It is surprisingly easy to get reservations for Curry Village in the offseason. The park felt empty, compared to the overcrowded summer months. I woke up early on Saturday. I wanted to look at the park before the rain started falling.
It started raining early. We sought shelter and rocking chairs to eat breakfast.
And set off exploring in the rain.
Happy Isles, and Yosemite Falls.
It got dark early. Since it was cloudy, we turned in, and got cozy.
The next morning we hiked to the top of Vernal Falls. The rain had stopped falling. We packed a picnic, and a few beers for the top.
We had to drive home.
Leaving is always the hardest part. At least I have some more fuel for daydreams.
Perched on a hill in Northern Big Sur, a man named Don Luis built a wonderland. You cannot drive there. The only way in is on foot. I can only imagine the thousands of trips he made hiking up the steep ravine to bring supplies and tools to his abode. Two structures on his land are available for visitors. The Dragon House and the Rainbow House. It's hard to describe to someone who hasn't seen it. It's hard to explain. It's hard to understand.
As with most things in life. The best parts weren't captured here. Tropical gardens in the midst of a redwood forest. The smell of sage drifting through the windows. Hidden couches in scarf wrapped tents on the hillside. Laying on the porch built into the roof in a pile of pillows looking at the stars. Cold fresh air. Laughter.
Even now, the memories don't seem real. And I can't stop daydreaming.
Autumn is short in the mountains. The backcountry will soon be snowed in. This realization hung heavy in the air as we packed our backpacks for a last Sierra adventure of the season. We took Friday off for a late October trip to Sword Lake in the Carson-Iceberg Wilderness of Stanislaus National Forest.
A horse trailer was moving slowly up a grade on 108 out of Sonora. Cars filed past it one at a time, speeding to the next destination. Four strange looking ears peaked over the side at us when we zipped past. They caught up at Summit Ranger Station in Stanislaus National Forest to pick up their permits. They were going to Gum Lake, so this would be the last we saw of them.
The trail in was devoid of any other hikers. Hiking in the fall is utterly unlike hiking in the spring or summer. Everything is dry and dusty but incredibly still and quiet, aside from the roaring gusts of wind. The world is holding it's breath.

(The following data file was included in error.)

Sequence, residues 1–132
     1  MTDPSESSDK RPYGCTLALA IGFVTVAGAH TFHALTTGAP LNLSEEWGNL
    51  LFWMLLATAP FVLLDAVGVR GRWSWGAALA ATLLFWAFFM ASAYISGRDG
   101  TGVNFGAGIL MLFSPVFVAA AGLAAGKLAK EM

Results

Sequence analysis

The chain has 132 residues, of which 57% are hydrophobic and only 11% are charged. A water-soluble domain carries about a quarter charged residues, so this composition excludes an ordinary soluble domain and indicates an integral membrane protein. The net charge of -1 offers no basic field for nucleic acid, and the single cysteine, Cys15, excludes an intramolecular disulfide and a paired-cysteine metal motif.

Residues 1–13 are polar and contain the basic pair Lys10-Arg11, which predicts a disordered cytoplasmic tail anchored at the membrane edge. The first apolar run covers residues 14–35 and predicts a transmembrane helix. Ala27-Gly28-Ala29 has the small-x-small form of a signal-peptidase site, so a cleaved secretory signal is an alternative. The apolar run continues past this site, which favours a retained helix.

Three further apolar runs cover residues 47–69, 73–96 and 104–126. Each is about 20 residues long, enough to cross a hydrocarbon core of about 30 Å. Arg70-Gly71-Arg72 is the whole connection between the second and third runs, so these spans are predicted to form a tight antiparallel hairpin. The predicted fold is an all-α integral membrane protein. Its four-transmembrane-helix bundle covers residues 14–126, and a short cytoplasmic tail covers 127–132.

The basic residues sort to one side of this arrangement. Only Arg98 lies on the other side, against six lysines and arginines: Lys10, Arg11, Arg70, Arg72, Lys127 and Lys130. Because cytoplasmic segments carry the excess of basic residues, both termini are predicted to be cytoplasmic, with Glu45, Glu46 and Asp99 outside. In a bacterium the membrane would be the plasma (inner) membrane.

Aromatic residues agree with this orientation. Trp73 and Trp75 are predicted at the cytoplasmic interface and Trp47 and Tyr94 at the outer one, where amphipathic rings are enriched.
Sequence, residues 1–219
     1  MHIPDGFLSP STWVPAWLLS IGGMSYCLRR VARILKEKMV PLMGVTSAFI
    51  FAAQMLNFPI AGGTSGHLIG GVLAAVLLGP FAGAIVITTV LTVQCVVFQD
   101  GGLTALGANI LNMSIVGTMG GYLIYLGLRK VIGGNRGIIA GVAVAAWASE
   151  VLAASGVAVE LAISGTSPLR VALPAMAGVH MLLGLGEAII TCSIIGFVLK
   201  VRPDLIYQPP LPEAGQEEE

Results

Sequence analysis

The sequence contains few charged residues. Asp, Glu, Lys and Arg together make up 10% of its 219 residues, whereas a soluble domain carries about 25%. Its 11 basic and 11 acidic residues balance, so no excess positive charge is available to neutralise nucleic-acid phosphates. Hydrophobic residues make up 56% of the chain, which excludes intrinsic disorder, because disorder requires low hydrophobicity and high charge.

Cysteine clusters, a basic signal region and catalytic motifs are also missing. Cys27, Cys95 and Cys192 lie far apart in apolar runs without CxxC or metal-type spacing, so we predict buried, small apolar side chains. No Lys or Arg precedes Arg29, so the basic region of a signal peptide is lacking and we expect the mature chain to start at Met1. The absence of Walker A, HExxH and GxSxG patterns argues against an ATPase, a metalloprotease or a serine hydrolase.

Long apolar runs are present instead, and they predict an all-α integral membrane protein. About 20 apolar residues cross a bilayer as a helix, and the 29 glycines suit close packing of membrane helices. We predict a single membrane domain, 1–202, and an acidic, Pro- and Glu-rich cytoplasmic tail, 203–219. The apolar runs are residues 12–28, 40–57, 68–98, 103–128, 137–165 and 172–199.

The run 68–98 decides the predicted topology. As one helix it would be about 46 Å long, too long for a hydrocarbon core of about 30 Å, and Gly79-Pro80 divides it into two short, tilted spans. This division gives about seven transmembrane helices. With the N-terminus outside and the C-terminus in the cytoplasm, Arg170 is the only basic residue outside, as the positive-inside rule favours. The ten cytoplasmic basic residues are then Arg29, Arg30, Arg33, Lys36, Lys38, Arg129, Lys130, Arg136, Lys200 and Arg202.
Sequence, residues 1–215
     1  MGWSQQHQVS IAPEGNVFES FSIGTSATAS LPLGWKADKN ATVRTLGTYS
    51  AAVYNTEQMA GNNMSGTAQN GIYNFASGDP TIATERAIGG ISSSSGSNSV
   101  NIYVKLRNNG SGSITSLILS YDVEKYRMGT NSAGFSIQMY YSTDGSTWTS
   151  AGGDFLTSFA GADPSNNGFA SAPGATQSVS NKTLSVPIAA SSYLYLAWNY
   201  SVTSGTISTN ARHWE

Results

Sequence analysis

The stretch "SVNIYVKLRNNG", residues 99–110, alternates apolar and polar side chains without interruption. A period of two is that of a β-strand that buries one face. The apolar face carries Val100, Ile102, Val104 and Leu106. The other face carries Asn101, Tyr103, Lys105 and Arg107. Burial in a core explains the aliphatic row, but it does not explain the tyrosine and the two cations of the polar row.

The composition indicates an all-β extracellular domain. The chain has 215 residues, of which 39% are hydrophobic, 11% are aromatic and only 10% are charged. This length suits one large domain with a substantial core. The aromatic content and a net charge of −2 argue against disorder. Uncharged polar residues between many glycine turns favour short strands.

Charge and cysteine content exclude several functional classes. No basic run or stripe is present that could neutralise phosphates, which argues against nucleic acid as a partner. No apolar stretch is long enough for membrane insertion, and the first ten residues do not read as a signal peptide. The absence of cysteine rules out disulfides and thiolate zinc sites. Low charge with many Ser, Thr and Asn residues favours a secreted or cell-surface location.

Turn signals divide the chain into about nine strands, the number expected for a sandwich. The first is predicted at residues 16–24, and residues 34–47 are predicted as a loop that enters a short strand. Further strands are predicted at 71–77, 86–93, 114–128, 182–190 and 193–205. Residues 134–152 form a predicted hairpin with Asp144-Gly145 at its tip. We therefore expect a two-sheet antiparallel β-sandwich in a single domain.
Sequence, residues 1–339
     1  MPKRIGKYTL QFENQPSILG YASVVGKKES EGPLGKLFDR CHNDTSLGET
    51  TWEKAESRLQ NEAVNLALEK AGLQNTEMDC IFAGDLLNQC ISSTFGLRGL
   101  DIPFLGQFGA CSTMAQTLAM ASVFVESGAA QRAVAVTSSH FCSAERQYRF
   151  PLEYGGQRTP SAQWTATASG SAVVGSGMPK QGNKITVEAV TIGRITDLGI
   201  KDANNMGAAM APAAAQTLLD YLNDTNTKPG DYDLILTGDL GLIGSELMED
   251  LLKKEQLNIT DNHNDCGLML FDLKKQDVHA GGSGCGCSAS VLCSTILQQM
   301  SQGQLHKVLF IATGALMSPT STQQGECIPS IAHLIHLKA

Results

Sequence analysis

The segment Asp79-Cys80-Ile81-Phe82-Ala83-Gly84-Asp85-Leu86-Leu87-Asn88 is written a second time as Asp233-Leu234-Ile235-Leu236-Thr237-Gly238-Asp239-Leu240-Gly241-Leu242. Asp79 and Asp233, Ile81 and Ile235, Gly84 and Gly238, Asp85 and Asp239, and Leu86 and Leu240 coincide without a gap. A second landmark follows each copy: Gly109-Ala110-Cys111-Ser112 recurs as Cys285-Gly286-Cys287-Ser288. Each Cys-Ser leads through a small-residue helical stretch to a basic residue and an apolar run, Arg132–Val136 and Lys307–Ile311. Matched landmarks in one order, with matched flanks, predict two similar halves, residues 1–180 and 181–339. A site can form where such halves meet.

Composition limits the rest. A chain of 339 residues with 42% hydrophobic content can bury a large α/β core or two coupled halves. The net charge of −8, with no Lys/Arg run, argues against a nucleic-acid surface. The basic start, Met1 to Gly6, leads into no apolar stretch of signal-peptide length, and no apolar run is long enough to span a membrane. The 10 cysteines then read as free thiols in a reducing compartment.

Used to soaring, sharp peaks, the Dardenelles are an unusual Sierra formation. The ancient necks of volcanoes stand the rain and wind longer than the softer rock that once surrounded them.
As often happens when pulled away from curtains, alarm clocks, and the necessity to rise, we woke with the sun.
After a freezing dip in the frigid waters of Sword Lake, we ate lunch. As the crackers and cheese disappeared ominous clouds rode the wind over the horizon. Knowing rain was in the forecast, we moved to fill our water bottles and prepare for an autumn storm.
The rain drops started falling the moment we put our supplies back in the tent.
The rain fell all afternoon. We spent the storm in my 18 square foot tent. The noise of rain became the backdrop to laughter. The afternoon passed quickly and joyfully.
The rain ceased at sundown. The air was cool and calm. Sleep came quickly.
In the morning we woke slowly. Fog and clouds covered the Dardanelles, and shrouded the trees on the ridgeline. The dust had all been washed away and there was a tangible stillness in the air.
We took our time packing up, but the inevitable can only be postponed for so long. Monday came too quickly and jobs and cubicles and packed lunches waited for us at home.
The hike back to the trailhead passed too quickly. We were too soon driving down the dirt road that leads to the highway. Too soon driving down the highway to my cul-de-sac. Too soon unloading the car. Too soon getting into bed. Too soon waking up and driving to work.
I can't stop daydreaming.
In order to refresh whatever it is that gets worn down from traffic and smog and computers and air conditioned atmospheres, one must get away. To that end Big Sur never fails to disappoint.
It's not every day that your car thermometer reads 97 driving through Big Sur. This weekend was that of a California Indian Summer.
The drought in California has done away with campfires. Christmas lights hooked up to a car battery were a worthy substitute. Despite the heat, fall hangs heavy in the air. Mulling spices heated with wine encourage the feeling.
On Sunday the low tide at Sanddollar Beach allowed people to walk a hundred yards through ankle deep swells to rock outcroppings, normally surrounded by thundering waves. The water's clarity is tropical, but the temperature is definitely Californian.
The finale was Nepenthe, the legendary Big Sur establishment overlooking the coastline. As the evening fog began to gather down the coast, we drank our last beers, and imagined Henry Miller, and John Steinbeck smoking cigarettes on the back deck, overlooking the infinity of the Pacific.
- Roads go ever ever on,
- Over rock and under tree,
- By caves where never sun has shone,
- By streams that never find the sea;
- Over snow by winter sown,
- And through the merry flowers of June,
- Over grass and over stone,
- And under mountains in the moon.
- Roads go ever ever on
- Under cloud and under star,
- Yet feet that wandering have gone
- Turn at last to home afar.